Renaissance School of the Arts
Manhattan NY 10035
Arts enrichment for all students; free set of school supplies for each student.
Low overall academic achievement.
Opened in 2008, Renaissance School of the Arts is a small middle school that delivers on its name offering students arts enrichment in all grades. Teachers and staff put a lot of effort into supporting the students, many of whom have special needs and struggle with personal circumstances outside of school.
Founding principal Tammy Pate-Spears believes in the transformative power of arts education. A graduate of LaGuardia High School and a former professional actress and singer, Pate-Spears toured Europe for several years with a musical theater company based in Germany. "Being exposed to the arts early on changed my life," said Spears, who left theater to become an English teacher. [In 2014 Pate-Spears handed over the leadership to Brian Bradley, who was formerly an assistant principal at Manhattan Center for Science and Math. The school moved to a different building which it shares with PS 155.]
In 6th grade, students rotate through classes in visual arts, dance, vocal instruction and instrumental music. Students in 7th and 8th grade choose one area to major in. There's an annual school musical and a chorus. The Lincoln Center Institute sponsors professional performances at the school; children learn to play the keyboard through a program with Music and the Brain. Teachers also do a nice job of integrating arts into academic lessons. When we visited, the hallways were lined with dioramas depicting Native American homes.
Many students struggle with academics. Teachers push their students to write a lot as well as think and work creatively. We saw lots of examples of student writing in classrooms and on bulletin boards. Students are taught Cornell Notes, a structured note-taking method. Teachers check binders and journals to make sure children are jotting down enough during class. In classrooms nothing is left to chance: tasks, standards, instructions and codes of conduct are displayed in detail on posters, bulletin boards, post-it notes and even on small whiteboards hanging outside the entrance to every room, where teachers write the agenda for the day. At the start of the school year, each student is given, free of charge, a full set of school supplies.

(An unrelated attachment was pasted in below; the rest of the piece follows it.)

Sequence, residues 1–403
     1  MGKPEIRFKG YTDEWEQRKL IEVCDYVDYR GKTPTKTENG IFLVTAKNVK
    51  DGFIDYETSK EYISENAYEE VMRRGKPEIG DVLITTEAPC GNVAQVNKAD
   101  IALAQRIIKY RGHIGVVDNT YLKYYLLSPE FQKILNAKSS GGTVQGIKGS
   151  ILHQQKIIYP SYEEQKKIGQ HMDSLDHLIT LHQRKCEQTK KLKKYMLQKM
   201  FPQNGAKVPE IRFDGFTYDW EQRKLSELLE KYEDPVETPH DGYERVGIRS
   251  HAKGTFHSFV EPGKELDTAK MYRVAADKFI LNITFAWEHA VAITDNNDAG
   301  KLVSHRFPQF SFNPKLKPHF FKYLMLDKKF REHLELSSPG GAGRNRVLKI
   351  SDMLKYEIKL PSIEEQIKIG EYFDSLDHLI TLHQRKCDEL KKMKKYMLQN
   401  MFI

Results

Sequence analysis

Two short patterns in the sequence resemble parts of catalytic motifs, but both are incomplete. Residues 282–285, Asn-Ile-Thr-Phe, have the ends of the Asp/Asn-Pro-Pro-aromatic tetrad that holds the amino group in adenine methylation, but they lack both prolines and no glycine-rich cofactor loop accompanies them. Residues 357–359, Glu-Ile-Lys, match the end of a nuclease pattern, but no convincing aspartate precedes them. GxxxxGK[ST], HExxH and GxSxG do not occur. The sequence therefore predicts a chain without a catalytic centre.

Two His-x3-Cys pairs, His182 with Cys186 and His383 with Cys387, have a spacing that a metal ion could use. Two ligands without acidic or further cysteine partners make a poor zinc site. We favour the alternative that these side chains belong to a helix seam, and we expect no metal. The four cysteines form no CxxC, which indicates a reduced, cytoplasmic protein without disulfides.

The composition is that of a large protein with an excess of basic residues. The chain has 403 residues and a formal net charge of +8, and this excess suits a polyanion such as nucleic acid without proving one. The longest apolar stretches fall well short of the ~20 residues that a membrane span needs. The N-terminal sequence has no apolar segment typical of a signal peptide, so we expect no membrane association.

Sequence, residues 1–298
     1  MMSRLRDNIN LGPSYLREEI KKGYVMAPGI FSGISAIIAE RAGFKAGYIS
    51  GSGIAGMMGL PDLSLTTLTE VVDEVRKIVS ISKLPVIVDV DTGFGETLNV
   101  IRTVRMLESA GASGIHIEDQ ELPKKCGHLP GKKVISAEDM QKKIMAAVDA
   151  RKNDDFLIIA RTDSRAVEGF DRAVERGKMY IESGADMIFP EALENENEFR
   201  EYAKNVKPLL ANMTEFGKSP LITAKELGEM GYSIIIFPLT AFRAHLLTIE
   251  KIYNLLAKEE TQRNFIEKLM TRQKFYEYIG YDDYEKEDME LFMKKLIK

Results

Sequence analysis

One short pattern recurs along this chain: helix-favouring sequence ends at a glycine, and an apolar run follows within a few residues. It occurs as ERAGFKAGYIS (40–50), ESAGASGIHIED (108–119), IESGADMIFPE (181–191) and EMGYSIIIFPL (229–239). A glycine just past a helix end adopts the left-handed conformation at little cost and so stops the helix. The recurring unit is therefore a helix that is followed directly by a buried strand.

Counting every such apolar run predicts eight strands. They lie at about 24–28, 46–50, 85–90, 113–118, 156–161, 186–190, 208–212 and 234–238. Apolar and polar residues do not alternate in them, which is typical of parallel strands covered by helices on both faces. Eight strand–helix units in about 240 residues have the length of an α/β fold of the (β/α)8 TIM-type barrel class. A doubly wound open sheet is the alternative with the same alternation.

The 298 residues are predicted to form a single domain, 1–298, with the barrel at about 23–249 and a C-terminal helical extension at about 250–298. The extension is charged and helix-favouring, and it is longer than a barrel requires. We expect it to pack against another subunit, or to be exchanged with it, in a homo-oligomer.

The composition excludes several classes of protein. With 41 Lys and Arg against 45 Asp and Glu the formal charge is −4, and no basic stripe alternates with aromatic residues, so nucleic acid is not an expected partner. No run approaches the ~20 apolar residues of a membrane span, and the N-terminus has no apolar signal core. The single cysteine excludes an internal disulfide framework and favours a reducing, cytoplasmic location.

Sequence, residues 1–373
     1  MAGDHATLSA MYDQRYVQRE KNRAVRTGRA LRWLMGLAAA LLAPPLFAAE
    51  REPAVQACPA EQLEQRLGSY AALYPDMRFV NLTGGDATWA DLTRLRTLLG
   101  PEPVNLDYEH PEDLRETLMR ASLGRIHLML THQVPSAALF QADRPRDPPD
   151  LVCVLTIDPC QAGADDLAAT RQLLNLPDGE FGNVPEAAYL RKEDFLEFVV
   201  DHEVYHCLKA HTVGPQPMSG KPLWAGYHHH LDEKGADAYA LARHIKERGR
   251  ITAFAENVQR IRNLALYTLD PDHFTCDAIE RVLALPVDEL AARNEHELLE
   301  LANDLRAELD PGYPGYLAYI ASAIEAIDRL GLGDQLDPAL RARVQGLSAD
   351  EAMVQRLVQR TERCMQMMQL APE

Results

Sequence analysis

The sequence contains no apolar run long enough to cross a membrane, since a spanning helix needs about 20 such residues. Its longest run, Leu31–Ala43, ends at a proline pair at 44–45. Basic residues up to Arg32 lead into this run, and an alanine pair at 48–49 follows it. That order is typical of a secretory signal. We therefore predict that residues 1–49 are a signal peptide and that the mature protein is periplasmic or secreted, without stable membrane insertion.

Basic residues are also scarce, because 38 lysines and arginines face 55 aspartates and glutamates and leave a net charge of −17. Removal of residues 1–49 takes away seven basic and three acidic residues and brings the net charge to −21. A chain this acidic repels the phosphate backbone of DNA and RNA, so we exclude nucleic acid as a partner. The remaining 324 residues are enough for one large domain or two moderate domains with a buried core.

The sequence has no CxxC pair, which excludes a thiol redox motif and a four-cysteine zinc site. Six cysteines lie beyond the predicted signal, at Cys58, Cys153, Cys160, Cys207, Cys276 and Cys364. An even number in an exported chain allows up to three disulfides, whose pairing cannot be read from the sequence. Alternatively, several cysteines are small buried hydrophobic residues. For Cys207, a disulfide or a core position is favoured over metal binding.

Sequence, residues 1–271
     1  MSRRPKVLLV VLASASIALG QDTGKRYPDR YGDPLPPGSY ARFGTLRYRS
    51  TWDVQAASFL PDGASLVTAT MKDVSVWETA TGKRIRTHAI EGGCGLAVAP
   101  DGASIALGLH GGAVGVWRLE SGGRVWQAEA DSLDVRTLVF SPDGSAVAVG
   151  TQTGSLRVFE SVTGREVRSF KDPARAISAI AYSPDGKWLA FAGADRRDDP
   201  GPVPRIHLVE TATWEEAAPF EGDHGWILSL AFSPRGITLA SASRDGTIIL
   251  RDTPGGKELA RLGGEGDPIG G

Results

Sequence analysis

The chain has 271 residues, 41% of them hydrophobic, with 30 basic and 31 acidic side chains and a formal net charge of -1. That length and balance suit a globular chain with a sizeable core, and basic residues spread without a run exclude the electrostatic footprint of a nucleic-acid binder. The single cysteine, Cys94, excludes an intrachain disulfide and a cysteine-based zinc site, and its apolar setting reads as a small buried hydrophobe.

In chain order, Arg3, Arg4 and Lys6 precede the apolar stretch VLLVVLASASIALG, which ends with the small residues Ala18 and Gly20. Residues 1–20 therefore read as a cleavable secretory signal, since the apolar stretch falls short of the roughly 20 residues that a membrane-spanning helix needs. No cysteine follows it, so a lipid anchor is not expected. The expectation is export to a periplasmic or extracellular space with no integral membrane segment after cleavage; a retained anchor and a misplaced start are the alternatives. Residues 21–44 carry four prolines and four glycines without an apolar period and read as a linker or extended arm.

In classrooms, kids were calm and mostly engaged. Some were tired because of medication, according to a teacher. "It's tough for some kids, medication makes it hard for them to pay attention," he said. Teachers find ways to keep children on task. Students earn "spirit dollars" for achievement and good behavior that they redeem for rewards and special privileges. Every day before lunch, all students attend Target Ten: ten minutes of small group instruction that gives struggling learners extra help with skills and stronger students some enrichment.
Despite the staff's effort and care, the school struggles to make gains in achievement. Test scores remain stubbornly low.
Renaissance Arts occupies the fourth floor of a 1920's era building in East Harlem that was the former home of JHS 99. The school shares the building with the Academy for Environmental Science Secondary High School, Renaissance Charter High School for Innovation, and Manhattan East School for Arts and Academics. All schools share use of the auditorium, cafeteria, library and renovated outdoor track and yard. Renaissance Arts shares the fifth floor gymnasium with Manhattan East. Each school has its own lunch and recess times.
One downside to the school's facilities is the piercing change-of-class bell that's in desperate need of recalibration. Pate-Spears said she's working to have it fixed. [The bell has been fixed, the principal reports, in February 2012!]
Students must wear the school polo shirt, color-coded by grade. Spanish is the only foreign language taught.
Special education: A significant number of students have special needs. There are self-contained classes of 12 children and classes that follow the ICT (Integrated Collaborative Teaching) model.
Afterschool: The Stanley M. Isaacs Neighborhood Center runs activities such as dance, step and academic help every afternoon until 6 p.m. at the school. The Beacon Program sponsors afterschool activities that are open to students from all schools in the building as well as to community members. Achieve Now is a program that offers academic support for students who are over-age and under-credited for their grade.
Admissions: Priority to students in District 4. (Laura Zingmond, November, 2011.)